My mucked-up boots thumped
onto the plank sidewalk at the coffin shop, and I tried the handle. Locked.
There were three empty
set up inside the front window, and I knew one of them would soon be holding
Meet him there? Twelve bullets
in him, and he’d still been
able to stand—even if just for a little while. I’d never seen anything
like it in all my life. But then again, I hadn’t been in the West for very
A crash came from inside the shop, followed by footsteps
thudding unsteadily toward the door. The bolt slid back, and I found myself
face to face with a dead body.
“You made it,” the corpse rasped, grinning at me in another
flash of lightning. An emaciated hand reached out for the gun belt I carried,
and I was too frozen with fear to offer resistance. “I’ll take that. You got
“The name’s Mercer, son. Now pull yourself together. Haven’t
you ever seen a dead man before?”
In all honesty, I hadn’t. My grandfather’s funeral service
had been closed-casket. Regardless, I’d never seen nor heard of any dead person
walking or talking before, and so I was understandably at quite a loss for
“That son-of-a-bitch who took all your money, he lit out
north this afternoon. I’m willing to bet he’s headed for Dry Gulch to try the
same thieving shtick on a new crop up that way. We leave now, we’ve got a
chance at catching him.” The corpse chuckled. “Only fools would ride in weather
“I-I don’t understand. You—” I glanced back down the
street to where Mercer’s body remained, a formless shape abandoned in the dark.
“Unless I’m mistaken—” I broke off, cringing as the corpse stepped toward
me in a crisp new suit.
“We could waste time jawing about what I am and what I am
not, or we can go after your money. What’ll it be?”
I blinked in a sudden gust
of rain-driven wind. “Why
so keen on helping me, Mister?”
Mercer buckled the gun belt
around his narrow hips and
cinched it tight. “You’ve got a chance here to set things straight in your
life, son.” With that, he pushed his way past me and trudged across the street
to the livery stables. I followed, drenched and chilled and knowing it would
getting a whole lot colder and wetter before the night was through.
Mercer untied his mount and
motioned for me to take the one
next to it. Fortunately, I knew how to ride; that wasn’t the issue.
“Isn’t this stealing?”
“Got a better idea?”
I did not; so I mounted up and steered the horse out into
the rain behind Mercer, and kicking our steeds into a gallop, we left Warner
Springs without so much as a single soul to bid us farewell. For this I was
grateful, as I had read enough about the western frontier to know that
horse-thieving was a capital offense, worthy of the gallows.
But did such laws apply to
me anymore? I was riding with a man who had defied the laws of nature, having
died only to
return in a new
body—albeit the corpse of an old man. Mercer’s ghost had not been carried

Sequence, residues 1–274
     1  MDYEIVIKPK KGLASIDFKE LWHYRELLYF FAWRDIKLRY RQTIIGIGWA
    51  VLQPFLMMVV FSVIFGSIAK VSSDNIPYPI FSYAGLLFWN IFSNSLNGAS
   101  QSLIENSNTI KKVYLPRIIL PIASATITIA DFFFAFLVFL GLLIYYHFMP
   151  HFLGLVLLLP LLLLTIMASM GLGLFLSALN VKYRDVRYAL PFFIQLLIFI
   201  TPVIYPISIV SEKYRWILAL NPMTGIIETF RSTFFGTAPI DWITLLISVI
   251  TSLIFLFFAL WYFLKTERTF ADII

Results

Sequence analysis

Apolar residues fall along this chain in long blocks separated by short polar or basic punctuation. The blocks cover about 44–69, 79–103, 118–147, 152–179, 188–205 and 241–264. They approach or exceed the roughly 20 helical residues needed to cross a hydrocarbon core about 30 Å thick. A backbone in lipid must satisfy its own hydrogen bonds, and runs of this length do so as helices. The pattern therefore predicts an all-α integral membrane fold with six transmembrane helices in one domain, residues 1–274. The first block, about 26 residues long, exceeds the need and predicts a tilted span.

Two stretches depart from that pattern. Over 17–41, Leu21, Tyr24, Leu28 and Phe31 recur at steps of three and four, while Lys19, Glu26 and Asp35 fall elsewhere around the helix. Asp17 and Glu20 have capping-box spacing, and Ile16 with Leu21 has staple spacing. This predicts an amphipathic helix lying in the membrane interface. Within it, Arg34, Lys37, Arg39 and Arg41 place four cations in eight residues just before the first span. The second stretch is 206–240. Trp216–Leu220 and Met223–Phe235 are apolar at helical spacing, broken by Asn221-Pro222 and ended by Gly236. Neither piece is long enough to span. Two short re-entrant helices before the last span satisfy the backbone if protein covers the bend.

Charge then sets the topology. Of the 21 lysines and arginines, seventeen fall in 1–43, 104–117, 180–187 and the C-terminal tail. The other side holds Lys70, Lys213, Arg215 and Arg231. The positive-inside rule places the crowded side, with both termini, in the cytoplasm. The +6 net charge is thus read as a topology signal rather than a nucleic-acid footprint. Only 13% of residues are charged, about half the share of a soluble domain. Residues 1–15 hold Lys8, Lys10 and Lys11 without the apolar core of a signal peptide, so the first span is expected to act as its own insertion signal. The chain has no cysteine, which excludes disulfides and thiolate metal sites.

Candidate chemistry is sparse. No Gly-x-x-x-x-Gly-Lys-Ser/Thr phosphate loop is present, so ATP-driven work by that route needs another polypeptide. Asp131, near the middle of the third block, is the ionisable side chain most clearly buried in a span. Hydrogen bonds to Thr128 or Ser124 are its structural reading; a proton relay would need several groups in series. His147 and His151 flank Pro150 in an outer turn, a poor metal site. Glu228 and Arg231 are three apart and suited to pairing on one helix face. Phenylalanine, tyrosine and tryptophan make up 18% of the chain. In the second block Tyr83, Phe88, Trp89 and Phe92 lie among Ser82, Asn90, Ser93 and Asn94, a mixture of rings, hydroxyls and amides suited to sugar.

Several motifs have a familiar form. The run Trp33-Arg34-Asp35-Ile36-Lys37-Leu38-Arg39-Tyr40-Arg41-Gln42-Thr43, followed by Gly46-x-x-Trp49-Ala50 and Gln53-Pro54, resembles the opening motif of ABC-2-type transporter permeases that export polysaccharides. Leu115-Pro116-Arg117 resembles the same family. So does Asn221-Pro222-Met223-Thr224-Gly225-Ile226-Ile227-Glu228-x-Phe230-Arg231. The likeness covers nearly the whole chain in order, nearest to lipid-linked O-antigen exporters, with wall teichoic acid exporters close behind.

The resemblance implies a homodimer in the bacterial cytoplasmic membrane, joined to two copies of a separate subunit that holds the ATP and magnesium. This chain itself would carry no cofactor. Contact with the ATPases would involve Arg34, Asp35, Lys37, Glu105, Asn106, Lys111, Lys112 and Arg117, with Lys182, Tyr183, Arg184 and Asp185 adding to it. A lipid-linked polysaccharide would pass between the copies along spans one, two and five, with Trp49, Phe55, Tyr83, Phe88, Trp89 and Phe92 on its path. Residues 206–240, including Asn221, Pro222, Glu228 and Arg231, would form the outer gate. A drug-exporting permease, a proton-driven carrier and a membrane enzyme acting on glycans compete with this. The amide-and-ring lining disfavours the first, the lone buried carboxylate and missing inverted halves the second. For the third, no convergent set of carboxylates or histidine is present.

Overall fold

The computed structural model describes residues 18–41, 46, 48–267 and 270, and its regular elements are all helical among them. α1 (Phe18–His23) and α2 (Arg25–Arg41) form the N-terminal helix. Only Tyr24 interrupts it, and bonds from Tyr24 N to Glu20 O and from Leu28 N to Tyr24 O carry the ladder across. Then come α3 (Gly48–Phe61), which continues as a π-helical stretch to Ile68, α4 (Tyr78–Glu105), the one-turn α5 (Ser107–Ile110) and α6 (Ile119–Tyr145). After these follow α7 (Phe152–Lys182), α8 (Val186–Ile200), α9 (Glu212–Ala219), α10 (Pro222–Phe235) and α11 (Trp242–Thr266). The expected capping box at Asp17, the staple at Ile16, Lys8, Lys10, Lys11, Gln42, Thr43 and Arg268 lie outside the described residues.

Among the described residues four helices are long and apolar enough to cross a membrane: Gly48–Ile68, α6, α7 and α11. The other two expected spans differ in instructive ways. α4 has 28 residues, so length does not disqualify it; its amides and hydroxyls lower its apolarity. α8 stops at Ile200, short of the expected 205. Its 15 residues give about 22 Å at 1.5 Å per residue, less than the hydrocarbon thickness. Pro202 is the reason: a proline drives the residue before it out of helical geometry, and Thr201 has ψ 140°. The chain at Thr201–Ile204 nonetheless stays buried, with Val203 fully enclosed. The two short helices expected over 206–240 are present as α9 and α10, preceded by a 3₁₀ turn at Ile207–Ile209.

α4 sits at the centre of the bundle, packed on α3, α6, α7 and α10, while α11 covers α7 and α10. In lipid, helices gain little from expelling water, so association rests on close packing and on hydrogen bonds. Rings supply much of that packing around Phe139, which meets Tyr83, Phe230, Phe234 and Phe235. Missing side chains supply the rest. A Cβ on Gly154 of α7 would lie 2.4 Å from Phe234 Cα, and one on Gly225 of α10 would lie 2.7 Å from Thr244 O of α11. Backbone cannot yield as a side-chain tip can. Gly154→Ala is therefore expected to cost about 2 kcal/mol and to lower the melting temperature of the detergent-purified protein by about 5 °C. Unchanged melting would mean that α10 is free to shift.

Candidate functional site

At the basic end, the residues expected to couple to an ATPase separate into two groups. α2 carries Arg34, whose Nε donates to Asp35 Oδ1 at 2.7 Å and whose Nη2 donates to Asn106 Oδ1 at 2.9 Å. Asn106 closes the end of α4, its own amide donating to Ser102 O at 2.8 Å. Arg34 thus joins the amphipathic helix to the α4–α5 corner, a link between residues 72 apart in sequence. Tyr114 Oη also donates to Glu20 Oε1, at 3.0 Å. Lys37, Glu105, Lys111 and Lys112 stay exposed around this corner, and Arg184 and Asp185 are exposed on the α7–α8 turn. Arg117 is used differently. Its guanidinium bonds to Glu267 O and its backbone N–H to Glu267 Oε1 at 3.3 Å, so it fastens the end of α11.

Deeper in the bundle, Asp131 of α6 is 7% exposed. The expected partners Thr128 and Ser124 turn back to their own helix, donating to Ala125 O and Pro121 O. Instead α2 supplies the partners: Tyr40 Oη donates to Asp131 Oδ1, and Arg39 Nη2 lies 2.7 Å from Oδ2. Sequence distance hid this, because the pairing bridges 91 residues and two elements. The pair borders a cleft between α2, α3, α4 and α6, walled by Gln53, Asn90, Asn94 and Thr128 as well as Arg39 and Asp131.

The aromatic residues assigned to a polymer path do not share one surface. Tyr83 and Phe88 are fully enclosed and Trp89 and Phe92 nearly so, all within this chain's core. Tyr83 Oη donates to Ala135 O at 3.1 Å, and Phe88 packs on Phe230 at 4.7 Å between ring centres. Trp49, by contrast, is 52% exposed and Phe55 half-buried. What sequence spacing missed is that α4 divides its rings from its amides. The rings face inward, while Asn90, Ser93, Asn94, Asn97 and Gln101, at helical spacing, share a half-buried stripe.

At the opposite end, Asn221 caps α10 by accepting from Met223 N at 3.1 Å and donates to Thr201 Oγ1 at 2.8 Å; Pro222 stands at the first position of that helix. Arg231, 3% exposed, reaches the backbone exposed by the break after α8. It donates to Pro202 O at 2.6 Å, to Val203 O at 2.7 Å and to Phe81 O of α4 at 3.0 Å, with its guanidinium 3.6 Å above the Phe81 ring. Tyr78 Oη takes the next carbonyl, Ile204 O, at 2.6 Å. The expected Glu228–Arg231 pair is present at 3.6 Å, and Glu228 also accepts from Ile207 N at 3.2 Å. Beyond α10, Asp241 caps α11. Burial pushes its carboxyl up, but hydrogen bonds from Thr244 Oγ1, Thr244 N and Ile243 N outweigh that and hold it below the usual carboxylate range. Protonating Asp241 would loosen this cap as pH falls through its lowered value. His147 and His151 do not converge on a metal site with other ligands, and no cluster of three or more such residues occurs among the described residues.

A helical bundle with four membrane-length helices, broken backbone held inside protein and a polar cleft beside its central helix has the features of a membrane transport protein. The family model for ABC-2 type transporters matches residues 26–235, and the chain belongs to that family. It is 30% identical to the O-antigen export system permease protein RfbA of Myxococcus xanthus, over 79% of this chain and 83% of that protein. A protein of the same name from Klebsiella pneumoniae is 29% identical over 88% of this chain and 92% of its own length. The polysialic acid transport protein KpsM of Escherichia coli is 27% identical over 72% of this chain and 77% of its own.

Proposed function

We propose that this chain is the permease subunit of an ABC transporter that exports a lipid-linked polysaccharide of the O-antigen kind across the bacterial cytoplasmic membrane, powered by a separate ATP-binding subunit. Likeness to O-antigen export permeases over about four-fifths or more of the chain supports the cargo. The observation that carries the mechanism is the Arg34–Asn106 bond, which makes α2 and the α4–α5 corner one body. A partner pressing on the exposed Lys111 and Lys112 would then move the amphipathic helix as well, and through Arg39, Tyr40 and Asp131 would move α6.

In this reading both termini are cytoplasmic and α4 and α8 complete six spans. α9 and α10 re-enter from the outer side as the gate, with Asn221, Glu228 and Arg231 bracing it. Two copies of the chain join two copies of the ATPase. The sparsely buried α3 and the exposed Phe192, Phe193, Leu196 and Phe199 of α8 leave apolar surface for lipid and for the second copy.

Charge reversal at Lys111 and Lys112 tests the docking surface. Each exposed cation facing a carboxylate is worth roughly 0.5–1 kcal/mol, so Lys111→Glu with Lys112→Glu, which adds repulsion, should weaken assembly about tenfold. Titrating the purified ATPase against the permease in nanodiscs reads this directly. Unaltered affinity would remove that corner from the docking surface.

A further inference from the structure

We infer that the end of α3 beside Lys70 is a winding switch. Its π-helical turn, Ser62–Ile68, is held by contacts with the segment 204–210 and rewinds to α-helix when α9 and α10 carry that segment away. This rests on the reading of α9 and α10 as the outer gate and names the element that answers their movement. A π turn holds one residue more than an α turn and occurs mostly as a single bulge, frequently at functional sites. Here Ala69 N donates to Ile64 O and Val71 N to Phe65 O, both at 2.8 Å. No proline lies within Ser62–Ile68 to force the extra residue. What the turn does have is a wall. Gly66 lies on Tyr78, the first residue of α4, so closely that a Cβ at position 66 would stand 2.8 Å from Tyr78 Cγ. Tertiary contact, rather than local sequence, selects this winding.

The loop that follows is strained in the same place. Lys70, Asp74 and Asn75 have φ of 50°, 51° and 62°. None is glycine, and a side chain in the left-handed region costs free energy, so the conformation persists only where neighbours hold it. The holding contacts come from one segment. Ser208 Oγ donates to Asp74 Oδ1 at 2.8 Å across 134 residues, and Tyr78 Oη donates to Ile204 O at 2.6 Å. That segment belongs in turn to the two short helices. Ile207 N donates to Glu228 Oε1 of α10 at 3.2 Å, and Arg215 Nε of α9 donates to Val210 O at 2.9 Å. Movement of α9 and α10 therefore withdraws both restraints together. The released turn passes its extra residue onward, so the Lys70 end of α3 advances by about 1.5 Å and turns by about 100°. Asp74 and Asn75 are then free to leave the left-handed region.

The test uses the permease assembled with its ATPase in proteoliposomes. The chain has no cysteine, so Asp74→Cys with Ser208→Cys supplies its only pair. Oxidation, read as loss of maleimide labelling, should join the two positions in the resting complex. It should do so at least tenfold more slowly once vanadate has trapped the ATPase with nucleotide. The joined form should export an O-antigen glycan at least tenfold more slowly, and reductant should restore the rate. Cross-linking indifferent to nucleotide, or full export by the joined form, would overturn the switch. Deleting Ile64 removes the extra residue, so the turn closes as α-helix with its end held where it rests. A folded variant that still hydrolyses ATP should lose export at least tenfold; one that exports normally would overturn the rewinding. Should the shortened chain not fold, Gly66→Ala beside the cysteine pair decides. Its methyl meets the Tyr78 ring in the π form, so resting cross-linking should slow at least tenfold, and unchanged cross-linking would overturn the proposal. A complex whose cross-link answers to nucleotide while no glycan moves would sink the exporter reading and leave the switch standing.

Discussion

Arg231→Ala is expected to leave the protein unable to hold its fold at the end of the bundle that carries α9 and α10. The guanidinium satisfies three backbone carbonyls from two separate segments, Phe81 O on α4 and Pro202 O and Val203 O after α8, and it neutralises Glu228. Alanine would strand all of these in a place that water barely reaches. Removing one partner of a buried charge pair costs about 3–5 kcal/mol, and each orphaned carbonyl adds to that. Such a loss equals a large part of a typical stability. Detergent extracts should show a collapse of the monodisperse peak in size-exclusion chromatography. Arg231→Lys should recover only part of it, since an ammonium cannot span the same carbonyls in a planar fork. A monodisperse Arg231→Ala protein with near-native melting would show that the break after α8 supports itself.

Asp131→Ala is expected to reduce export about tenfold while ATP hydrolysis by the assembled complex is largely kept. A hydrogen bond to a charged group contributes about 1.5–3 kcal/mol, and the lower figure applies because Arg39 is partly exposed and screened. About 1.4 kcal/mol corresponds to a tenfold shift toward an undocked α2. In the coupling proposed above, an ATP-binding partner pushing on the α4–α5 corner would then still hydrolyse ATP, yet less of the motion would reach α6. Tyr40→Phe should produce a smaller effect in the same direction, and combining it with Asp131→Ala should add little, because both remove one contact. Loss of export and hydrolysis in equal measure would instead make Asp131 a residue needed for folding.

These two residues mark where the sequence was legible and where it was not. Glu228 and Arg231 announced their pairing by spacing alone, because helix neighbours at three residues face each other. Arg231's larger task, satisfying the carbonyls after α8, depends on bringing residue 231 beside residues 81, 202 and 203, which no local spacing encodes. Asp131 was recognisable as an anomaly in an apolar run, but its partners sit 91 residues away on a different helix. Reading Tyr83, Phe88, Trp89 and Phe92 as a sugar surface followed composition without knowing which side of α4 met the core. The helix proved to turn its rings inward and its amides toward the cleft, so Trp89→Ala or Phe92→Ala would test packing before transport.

to Heaven nor Hell after his last breath. He was still here on the earth,
wearing a different “fleshbag” as he called it. I had to accept matters as they
stood; but I could not begin to comprehend them.
“Have you made some kind of
deal with the devil?”
Mercer chuckled drily, half-turning
in the saddle to wink
back at me. “I’m sure he thought so, once upon a time. But I don’t work for
that imp anymore. Only for myself.”
“What’s in this for you?” I had to shout to make my voice
heard over the thunder from above and the sloshing hooves of our mounts beneath
us. “Why are you helping me?”
“I was like you once, son. The whole world was mine. But I
made a bad choice, one I couldn’t ever come back from.” He paused. “You’re not
“What do you mean?”
“You can go home again. I can’t.
He kicked his mount hard, digging
his boot heels into the
horse’s flanks, and I did my best to keep up. We rode all through the night
with no respite in the downpour. I had never been so wet and cold in all my
life, gritting my teeth together just to keep them from chattering.
But the ride afforded me plenty of time to ponder on this
strange soul who led me along the trail, this man who was a man and who was
not. Had he the ability to leave his body at will and assume the form of
another? Or could he only animate the dead with his ghost? The whole idea
shivered me on top of the shivers already quaking my frame from head to toe.
“That man Olson,” I said at length. “Did
you cheat him?”
“What do you care?”
“You didn’t put up much of a fight for yourself.” It
seemed as though Mercer wanted Olson to gun him down.
“I’m no killer.” He glanced back at me. “You think we’re
going after this swindler to kill him, is that it?”
I swallowed. “Aren’t we?”
“No, son. That’s the sort of thing you don’t come back from.
We’re reclaiming your money, and that’s all.”
“And if he’s not keen on giving
Mercer chuckled. “He will be.”
(continued on page 2)